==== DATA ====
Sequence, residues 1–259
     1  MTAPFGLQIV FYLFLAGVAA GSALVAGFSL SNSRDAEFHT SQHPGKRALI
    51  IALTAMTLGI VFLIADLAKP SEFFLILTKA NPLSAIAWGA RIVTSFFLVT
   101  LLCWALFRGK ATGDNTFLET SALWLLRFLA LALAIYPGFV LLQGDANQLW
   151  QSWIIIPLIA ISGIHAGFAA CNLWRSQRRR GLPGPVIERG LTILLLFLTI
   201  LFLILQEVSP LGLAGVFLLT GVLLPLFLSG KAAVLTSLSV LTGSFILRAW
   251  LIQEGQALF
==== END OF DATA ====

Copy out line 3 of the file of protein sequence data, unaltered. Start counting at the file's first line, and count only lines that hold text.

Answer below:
    51  IALTAMTLGI VFLIADLAKP SEFFLILTKA NPLSAIAWGA RIVTSFFLVT